As for my take, Kotler’s idea of transforming the marketing function seems to have gotten lost along the digital road traveled by marketers. In so many cases, marketing – and especially content – remains just an on-demand service function within the business. Its sole job is to produce ever more voluminous amounts of content that describe the value of the brand (or its products or services) so that sales can sell more efficiently, customer support can serve more effectively, and all manner of customer interfaces are more beneficial to both sides.

However, and maybe because I need to rationalize now that my book is finished, I passionately believe it’s finally time for marketing to reclaim its ability to create value — not just reflect it in the polished shine of your traditional products and services.

Almost 27 years ago today, Microsoft founder Bill Gates wrote an essay called Content is King. In it, he said that “(C)ontent is where I expect much of the real money will be made on the Internet, just as it was in broadcasting.”

It certainly was one of his more prescient moments. Nearly three decades later, his words have proven true. The essay title has become the rallying cry for thousands and thousands of entrepreneurs who now make their living on creating, managing, optimizing, and measuring content on the internet. (A Google search for “content is king” nets more than 1.7 million results.)

But it’s the last line of his essay that I find the most visionary: “(T)hose who succeed will propel the Internet forward as a marketplace of ideas, experiences, and products – a marketplace of content.”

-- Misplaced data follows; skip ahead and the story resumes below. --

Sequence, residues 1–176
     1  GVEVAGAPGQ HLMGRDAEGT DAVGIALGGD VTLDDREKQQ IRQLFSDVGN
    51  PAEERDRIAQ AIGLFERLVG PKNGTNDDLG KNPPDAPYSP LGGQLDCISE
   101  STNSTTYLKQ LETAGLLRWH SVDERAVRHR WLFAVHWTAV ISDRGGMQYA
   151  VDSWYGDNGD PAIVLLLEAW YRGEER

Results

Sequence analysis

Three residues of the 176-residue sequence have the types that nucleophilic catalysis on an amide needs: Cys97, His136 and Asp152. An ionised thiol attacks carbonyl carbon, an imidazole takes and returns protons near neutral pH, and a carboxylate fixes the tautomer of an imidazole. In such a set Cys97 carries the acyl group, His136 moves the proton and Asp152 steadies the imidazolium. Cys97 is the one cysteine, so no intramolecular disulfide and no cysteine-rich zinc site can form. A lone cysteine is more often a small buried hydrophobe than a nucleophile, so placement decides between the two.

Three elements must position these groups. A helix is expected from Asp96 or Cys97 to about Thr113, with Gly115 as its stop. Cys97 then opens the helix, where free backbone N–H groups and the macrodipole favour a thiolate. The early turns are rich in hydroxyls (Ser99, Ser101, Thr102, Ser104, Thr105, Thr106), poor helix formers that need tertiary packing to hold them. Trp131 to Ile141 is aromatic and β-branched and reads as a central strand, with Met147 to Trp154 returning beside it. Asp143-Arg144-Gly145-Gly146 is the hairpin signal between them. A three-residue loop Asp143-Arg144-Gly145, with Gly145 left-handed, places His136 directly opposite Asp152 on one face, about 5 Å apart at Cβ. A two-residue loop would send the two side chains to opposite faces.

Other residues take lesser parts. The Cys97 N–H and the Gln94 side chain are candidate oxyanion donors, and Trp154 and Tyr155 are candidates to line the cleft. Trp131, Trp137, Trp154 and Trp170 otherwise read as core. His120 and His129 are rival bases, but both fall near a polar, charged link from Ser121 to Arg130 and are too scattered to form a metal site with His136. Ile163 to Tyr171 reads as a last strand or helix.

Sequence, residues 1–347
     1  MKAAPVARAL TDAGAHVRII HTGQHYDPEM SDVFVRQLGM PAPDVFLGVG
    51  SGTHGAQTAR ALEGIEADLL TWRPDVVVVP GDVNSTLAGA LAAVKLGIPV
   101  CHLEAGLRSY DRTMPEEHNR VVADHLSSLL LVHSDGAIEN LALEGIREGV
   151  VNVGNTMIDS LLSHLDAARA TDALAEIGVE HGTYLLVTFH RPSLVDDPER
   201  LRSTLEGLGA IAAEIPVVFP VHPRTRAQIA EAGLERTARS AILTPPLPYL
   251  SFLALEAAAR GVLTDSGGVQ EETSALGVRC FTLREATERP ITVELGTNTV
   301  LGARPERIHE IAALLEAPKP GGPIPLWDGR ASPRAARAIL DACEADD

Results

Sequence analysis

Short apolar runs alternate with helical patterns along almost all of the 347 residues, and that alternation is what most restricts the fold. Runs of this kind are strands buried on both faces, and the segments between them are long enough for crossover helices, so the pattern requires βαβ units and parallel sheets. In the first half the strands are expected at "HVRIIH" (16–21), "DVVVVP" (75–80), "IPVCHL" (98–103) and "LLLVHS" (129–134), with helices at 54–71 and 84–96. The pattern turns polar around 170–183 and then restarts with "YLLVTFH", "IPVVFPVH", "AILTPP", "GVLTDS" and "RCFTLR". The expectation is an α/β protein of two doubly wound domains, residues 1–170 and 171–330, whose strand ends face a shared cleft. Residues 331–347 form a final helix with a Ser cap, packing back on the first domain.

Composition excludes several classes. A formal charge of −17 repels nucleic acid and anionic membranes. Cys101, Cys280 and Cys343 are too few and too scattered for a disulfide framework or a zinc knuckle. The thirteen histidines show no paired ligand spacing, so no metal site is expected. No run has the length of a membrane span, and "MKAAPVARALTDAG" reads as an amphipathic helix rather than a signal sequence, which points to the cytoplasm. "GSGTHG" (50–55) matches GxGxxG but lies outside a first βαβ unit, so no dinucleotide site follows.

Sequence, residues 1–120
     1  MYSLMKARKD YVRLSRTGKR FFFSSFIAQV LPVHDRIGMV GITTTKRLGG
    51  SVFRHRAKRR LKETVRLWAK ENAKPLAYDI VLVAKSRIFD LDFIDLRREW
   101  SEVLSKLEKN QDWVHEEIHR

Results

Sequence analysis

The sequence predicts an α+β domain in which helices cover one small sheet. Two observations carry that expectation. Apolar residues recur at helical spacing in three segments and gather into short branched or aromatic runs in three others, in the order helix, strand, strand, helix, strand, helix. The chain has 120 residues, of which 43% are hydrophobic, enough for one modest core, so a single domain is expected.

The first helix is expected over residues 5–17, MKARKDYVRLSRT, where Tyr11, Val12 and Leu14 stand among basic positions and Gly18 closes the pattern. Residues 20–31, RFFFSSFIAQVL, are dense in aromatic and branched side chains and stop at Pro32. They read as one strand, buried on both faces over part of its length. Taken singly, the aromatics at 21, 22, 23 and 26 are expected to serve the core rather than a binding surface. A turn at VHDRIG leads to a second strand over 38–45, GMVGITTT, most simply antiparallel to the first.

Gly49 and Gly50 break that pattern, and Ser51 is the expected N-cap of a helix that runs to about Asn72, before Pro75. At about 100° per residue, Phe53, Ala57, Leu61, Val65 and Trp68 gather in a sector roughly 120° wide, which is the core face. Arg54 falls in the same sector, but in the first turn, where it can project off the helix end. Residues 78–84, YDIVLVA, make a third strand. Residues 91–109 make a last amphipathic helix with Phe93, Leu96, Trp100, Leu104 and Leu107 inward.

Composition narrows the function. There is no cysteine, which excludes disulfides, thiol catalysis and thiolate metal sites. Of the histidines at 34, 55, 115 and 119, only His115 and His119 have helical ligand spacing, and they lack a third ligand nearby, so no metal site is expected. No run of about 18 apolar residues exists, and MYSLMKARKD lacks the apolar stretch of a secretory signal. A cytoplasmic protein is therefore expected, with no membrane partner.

That’s what content marketing is for me in 2023. It’s just marketing – optimizing the value of ideas, experiences, and products in a marketplace of content.

Time to get to work.

It’s your story. Tell it well.

Get Robert’s take on content marketing industry news in just five minutes:

Watch previous episodes or read the lightly edited transcripts.

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Cover image by Joseph Kalinowski/Content Marketing Institute

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27 Best About Us and About Me Page Examples [+Templates]



Your about page summarizes your history, values, and mission — all in one place. That’s a tall order for just a few paragraphs. If you’re feeling stuck, turn to these about-page examples for inspiration. 

about us page example: laptop held in palm of hand


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MarTech’s marketing operations experts to follow



MarTech's marketing operations experts to follow

Marketing operations is what makes the magic happen. These are the folks who see that your martech stack doesn’t get stuck. They are the maestros, modelers and makers who make sure the trains run, the data is digestible and that you have the programs you need. Where would we be without them? That’s too scary to think about. Here’s our list of MOps experts who have the ear of the profession.